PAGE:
If I had a time machine…well, first off, that would be awesome. I think everyone’s dreamed about being able to jump forward and see the future, or go back in time and change something in the past.
But if I had one, there are some things I would tell the past me so that he (or I) could have a better future (or present). Things have turned out all right for me, but at 34 I’m a bit older and wiser than I was when I was making life-altering decisions at, say, age 21. There are mistakes I made, and things I could have done better.
So, for those who are a bit younger, and are where I was then, here are 21 things I wish I could go back and tell my 21-year-old self.
1. Good things come to those who wait (and who patiently pursue good things). Instead of giving in to what feels good right now, practice delayed gratification and choose long-term benefits over short-term pleasure.
_ 2. Diets determine cravings. _ You are creating an appetite. Think about coffee: the first time you drink it, it doesn’t taste that great; but if you drink it regularly, you’ll develop an appetite for it or even an addiction to it. Coffee’s probably not the problem, though. Stuff like the pornography you’re watching—that’s a problem. You’ll develop an appetite for it, and sex within marriage won’t satisfy that addiction, because sex isn’t porn. Marriage sex also isn’t premarital sex, so don’t make sex outside of marriage part of your diet. I believe one of the biggest predictors of extramarital affairs is premarital sex. You've grown an appetite for sex outside of marriage, so of course you will crave that.
_ 3. Habits form your character. _ What you do now determines who you will be later. Develop habits that will turn you into who you want to be.
_ 4. Failing to plan is planning to fail. _ You are becoming something. If you’re not careful you’ll become the wrong something. Figure out what older version of yourself you want to be and consider what path might help you get there (Proverbs 21:5), understanding that the Lord determines the steps (Proverbs 16:9). So start with knowing Him better.
_ 5. Read the Bible and memorize all you can. _ I still know all of the words to Lil’ Troy’s “Wanna Be a Baller,” but I wish I’d memorized all the words to the book of James instead. Or even Leviticus, for that matter. The lyrics (and many other pointless things) are still with me, but I wish they were something else.
_ 6. Memories are the hardest things to lose. _ So be careful what you listen to and watch. I have a mental Rolodex of dozens of pornographic images in my mind that I am only slowly forgetting. I wish I could expedite that process.
_ 7. Look for godly characteristics in a spouse. _ Pretty people get old, and popularity is a short-term investment. Godly characteristics produce an incredible life-long return.
_ 8. Date towards marriage. _ Don’t just date for fun, or slide into living together. You’re either called to singleness, or you should be actively pursuing a spouse (or preparing yourself for one).
_ 9. Grow up. _ You’re in your 20s, which means you’re well old enough to be an adult. So take responsibility. Get married. Work hard. Be a man. (I’m talking to my past self here; if you’re a woman instead, be a godly woman.) History is filled with people who did great things and started great movements before age 30. Start now and be faithful to see it through.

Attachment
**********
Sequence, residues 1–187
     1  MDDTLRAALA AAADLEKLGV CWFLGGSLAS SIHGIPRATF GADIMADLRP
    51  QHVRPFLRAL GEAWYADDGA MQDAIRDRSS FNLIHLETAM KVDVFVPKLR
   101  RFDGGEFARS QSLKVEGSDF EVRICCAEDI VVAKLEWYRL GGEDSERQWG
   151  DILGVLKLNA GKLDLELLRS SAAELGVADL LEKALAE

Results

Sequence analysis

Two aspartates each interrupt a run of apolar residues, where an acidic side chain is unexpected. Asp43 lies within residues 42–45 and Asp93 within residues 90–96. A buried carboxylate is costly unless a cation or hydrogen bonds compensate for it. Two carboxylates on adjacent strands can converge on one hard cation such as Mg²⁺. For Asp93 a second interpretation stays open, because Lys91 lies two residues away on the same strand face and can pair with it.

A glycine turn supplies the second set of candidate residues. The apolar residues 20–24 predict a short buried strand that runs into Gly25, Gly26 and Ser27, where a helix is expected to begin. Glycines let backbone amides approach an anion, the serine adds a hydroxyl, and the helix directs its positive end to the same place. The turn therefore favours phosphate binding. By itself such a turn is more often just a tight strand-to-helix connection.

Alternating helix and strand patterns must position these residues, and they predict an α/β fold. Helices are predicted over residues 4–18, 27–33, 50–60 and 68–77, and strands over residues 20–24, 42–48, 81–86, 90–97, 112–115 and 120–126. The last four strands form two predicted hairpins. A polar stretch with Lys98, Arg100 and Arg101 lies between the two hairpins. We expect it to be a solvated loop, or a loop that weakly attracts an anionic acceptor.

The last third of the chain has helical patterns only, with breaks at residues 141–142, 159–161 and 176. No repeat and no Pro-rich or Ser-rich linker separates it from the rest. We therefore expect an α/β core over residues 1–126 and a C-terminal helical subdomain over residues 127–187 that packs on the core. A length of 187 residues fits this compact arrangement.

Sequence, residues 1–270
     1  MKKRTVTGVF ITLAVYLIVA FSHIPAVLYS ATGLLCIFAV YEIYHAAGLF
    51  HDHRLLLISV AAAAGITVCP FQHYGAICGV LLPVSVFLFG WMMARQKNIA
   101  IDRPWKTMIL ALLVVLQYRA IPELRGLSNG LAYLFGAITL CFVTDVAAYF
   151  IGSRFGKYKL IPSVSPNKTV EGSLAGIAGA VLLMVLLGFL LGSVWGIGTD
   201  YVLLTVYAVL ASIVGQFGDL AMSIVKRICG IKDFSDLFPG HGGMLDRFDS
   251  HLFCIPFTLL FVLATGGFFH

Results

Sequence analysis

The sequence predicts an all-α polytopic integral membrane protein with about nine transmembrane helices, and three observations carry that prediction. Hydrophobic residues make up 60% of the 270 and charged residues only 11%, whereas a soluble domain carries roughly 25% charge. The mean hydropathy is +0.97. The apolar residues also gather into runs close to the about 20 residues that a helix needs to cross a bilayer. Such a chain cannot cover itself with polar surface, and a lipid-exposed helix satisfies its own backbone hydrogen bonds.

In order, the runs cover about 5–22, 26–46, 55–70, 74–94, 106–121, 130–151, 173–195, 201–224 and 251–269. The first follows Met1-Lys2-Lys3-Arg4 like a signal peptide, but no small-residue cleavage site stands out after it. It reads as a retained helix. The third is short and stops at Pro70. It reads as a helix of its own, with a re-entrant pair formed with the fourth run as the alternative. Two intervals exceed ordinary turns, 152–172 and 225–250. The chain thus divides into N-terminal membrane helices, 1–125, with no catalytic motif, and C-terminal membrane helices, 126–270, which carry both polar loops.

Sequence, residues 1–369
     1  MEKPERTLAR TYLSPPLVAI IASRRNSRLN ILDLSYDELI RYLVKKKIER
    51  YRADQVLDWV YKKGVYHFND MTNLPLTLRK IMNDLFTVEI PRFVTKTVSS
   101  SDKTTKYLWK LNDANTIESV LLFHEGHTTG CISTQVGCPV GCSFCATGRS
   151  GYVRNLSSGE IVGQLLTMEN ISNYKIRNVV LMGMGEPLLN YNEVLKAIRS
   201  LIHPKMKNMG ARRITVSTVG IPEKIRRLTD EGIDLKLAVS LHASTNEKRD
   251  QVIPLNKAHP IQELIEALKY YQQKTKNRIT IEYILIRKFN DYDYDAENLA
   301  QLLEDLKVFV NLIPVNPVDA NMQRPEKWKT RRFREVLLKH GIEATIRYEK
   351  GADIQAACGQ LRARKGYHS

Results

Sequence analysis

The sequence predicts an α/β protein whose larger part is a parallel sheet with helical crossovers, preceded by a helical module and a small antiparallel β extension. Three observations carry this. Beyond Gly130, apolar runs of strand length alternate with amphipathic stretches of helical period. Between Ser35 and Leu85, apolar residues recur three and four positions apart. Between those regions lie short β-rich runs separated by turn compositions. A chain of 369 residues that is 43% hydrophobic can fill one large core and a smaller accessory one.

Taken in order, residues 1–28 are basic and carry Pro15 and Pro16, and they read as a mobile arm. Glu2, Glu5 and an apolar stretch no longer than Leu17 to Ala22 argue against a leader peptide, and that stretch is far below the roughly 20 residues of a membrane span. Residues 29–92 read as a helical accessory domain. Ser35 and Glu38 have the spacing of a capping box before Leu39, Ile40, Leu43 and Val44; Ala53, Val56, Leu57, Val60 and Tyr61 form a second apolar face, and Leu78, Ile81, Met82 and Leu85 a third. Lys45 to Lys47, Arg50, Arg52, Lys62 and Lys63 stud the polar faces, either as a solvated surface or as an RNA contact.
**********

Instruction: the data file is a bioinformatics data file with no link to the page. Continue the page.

_ 10. Getting drunk is stupid. _ No one has ever said, “That was the best idea ever! Being drunk really helped me navigate that situation.”
_ 11. Save money. _ You'll need it later.
_ 12. Be generous. _ It will be the best money you spend.
_ 13. Exercise. _ Getting in shape only becomes harder as you get older.
_ 14. Eat right. _ Again, it only gets harder. Your metabolism really will slow down. #2 applies here also.
_ 15. Rest. _ Do you feel like you don't have any time? Add a spouse, a couple kids, and other responsibilities to the mix. Trust me: you have more time now than you ever will. Learn to stop and rest and slow down.
_ 16 Material things are often bad investments. _ Buy experiences instead. 14 years from now, you’d rather have memories of that backpacking trip through Europe (the one I never took) than an obsolete big-screen TV or a slightly nicer 14-year-old car.
_ 17. Travel. _ It’s easier when you’re younger. You can do more, and do it cheaper. A 20-year-old can crash on couches or stay in hostels without a second thought, whereas your older self might expect a four-star resort.
_ 18. Learn to appreciate what is available to you. _ See above. I used to love going to the beach in Galveston. But once I saw a beach in the Caribbean, the Galveston I loved was no longer appealing. Basically, enjoy what you have while you have it. Don’t think you have to achieve all your dreams immediately. What you enjoy for the first time now may soon be boring.
_ 19. Disciple others. _ Want to change the world? That’s how you do it. You don’t have to be old and wise and have all the answers; you just have to be one step ahead of who you’re discipling.
_ 20. Get in community. _ Biblical community, with people who really know you and care enough to tell the hard truth when necessary. It’s one of the most helpful things you’ll ever do.
_ 21. Don’t get that haircut. _ Just don’t. Trust me. There will be pictures, and this thing called “social media,” and a future job where you’ll be on stage and coworkers will be in charge of a giant projection screen behind you.
What decisions would you have made differently?
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